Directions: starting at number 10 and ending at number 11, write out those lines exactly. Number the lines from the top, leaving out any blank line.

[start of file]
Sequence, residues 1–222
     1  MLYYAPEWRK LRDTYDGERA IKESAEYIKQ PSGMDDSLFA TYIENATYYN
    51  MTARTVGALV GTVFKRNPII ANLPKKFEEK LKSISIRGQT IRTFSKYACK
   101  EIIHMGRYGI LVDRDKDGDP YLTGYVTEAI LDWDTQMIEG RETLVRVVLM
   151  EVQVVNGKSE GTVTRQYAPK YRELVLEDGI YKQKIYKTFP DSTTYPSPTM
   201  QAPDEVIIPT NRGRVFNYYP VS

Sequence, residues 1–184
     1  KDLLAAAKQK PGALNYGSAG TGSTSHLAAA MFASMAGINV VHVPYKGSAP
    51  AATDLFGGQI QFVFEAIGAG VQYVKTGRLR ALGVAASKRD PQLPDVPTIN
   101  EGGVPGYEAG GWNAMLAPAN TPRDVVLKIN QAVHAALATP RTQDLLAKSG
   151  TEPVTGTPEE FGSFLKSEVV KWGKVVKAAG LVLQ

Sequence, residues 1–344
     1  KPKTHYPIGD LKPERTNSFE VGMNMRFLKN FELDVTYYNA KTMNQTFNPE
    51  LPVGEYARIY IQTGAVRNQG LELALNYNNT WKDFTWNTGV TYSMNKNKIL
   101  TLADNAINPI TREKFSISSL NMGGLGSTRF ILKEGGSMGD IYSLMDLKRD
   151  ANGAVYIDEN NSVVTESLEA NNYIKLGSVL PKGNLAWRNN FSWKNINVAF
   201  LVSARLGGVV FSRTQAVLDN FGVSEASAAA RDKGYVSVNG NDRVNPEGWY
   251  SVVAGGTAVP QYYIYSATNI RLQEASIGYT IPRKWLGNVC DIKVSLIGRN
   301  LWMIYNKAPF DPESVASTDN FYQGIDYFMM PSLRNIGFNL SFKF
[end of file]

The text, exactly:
   101  EGGVPGYEAG GWNAMLAPAN TPRDVVLKIN QAVHAALATP RTQDLLAKSG
   151  TEPVTGTPEE FGSFLKSEVV KWGKVVKAAG LVLQ